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This Ain’t Brain Surgery

John W. Pinkerton


I guess I've always been an odd duck about salaries and money in general. When I taught, I knew very well that my efforts were worth more money than I was being paid, but money wasn't the point. Between my wife and myself, we did a good job of managing our incomes. When I retired, I became an artist. I like making money from art, but that ain't the point. I usually charge about half what other artists would charge for the same work. That works for me because it moves all those damned paintings out of my house, and then we have a little lagniappe.

By the way managing money ain't brain surgery.  It's not even foot surgery.

Rule No. 1: Don't complain about not making the salary you think you deserve.  Do your job and hope for the best.  The school district in which I worked for 35 years didn't have much of a tax base and therefore really didn't have the money to pay me more than it did.  During my last couple of years, I suddenly got a pretty nice local raise as librarian.  I've never known who suggested that.  I know it wasn't the superintendent because when I mentioned it to him, he was pretty huffy.  That really wasn't a surprise.  Several of my superintendents hated my guts.  Back at you, Bubba.

Rule No. 2: Take the two nickels you made this week and invest one of the nickels.    You'll never miss that nickel.  You'll do fine with your investments if you don't panic.

Somewhere around my 35th year on earth, a local fellow came by and asked me if I wanted to give him some money to invest in a weird mutual fund which has since been rolled over to less weird investments.  As the local fellow spoke, suddenly it dawned on me that I might need a little extra cash in my old age.  Up until that moment most of my investments had been in beer, gas, and bad habits.    I never missed the money we invested.  I never panicked when the stock market bottomed out.  Holy crap, interest is magical.  I even did more investing in other funds.

Rule No. 3: Don't buy stuff you don't need and if you just must have a new gadget, wait until you can pay cash for it.  I haven't had many different cars in my lifetime, but when I do buy one, I pay cash.  What is the difference between saving money for a purchase and making payments to a car company?  No interest and you truly own the car.  We do that with all major purchases.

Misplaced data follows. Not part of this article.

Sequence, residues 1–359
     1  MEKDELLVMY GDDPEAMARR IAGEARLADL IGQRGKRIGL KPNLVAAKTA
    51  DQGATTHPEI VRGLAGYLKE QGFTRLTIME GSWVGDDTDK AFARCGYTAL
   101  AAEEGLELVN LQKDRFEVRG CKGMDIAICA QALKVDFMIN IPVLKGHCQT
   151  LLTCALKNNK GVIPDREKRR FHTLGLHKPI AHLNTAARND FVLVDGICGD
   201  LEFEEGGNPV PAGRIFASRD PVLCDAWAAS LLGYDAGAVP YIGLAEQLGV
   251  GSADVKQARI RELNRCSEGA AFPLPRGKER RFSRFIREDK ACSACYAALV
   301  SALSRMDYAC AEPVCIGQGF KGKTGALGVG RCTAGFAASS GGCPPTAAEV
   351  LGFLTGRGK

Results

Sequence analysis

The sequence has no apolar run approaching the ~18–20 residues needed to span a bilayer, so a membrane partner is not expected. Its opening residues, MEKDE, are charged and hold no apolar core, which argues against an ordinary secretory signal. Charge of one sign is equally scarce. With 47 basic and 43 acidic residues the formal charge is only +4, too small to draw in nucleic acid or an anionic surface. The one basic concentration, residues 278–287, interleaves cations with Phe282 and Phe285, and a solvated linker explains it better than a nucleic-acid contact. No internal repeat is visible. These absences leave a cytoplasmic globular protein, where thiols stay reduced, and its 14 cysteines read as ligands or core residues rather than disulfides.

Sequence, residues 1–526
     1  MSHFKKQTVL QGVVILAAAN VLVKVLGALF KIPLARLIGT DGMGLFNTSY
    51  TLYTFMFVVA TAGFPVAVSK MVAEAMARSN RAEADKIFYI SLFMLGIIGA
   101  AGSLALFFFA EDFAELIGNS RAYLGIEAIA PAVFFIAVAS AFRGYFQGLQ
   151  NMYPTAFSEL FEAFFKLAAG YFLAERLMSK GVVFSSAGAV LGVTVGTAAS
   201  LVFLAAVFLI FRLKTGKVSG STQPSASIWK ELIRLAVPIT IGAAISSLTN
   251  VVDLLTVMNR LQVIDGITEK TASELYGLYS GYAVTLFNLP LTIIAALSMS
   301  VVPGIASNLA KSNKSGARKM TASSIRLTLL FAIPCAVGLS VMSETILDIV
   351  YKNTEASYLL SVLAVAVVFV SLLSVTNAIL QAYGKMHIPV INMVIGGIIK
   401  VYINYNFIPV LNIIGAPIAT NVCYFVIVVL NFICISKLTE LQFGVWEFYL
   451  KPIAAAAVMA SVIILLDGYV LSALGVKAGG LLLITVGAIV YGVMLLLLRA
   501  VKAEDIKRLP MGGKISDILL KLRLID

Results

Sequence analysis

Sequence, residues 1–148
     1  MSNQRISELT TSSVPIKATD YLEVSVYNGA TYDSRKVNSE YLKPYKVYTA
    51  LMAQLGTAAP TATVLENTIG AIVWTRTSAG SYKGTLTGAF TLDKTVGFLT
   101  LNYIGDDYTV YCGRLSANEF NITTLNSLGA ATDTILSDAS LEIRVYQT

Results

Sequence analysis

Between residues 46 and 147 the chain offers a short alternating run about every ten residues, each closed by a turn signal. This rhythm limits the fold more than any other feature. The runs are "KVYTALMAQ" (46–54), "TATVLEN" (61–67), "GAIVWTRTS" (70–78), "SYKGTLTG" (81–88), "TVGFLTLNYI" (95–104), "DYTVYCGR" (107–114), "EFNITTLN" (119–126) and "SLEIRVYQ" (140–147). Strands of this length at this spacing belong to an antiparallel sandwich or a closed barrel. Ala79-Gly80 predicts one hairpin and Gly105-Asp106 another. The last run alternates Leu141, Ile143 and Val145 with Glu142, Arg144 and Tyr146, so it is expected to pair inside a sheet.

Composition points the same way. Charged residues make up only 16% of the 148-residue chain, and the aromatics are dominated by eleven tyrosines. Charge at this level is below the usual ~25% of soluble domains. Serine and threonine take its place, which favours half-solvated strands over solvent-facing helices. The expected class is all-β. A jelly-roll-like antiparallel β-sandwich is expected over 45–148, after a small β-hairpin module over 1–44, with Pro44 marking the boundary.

Rule No. 4: If you do buy stuff you don't need, buy stuff which will increase in value, not decrease, or at least won't lose value.  A few years ago, Linda and I became collectors.  We decided to collect art glass.  Glass doesn't change.  It gets older but it doesn't deteriorate, and if you learn what you're doing, you'll be able to get your money back if you need it, and, besides, quality never goes out of style.

Rule No. 5: Be generous with your money.  Karma counts.  On the other hand, don't be overly generous.  If you bankrupt yourself with your generosity, you won't be able to help anyone including yourself.  By the way, making a personal loan to a friend or relative is a misnomer---that's a gift.

Rule No. 6: If you can save money by doing a project yourself, go for it.  About 40 years ago, I became a seer and saw that if I didn't purchase the house I was presently renting for $75 a month, I'd soon be paying over $500 a month.  The approaching oil boom made me purchase the home quickly…and embarrassingly cheap.  I worked on it every summer for years.  Nice house.  That Thoreau advised against becoming a servant to a house.  Good advice.  If you're renting, you're giving your money away.

Rule No. 7: In retirement you'll need to find something to do.  Choose something that will at least pay for itself.  I decided on art and pick up a few bucks from time to time.  At least the sales pay for the canvas, and paint and brushes and trips to my galleries.  Mainly it gives me something to do and a day in the studio is a day not driving Linda nuts.

Rule No. 8: Consistency is important.  Linda and I are still living the same lifestyle we lived when we were first married.  If my lifestyle was good enough when I was twenty-six, it should be good enough when I’m seventy-six. Growing up, my parents were good about having a consistent lifestyle which seemed not to depend on their financial situation.  At times we were well to do; other times pretty broke, but we always had a meal on the table.  I was taking notes---“Meal on table”---really important.  We still have meals at our table but occasionally eat out.

Now, you might be thinking, “I bet he got a big inheritance.”  Wrong.  Linda did get a modest inheritance from her dad's estate; my dad left me a ball point pen.  Yahoo!

I did have one advantage: no kids.  In our old age I guess we'll have to depend on the kindness of strangers, but they probably won't want money.

I guess the basic principle of economics is. “Waste not, want not.”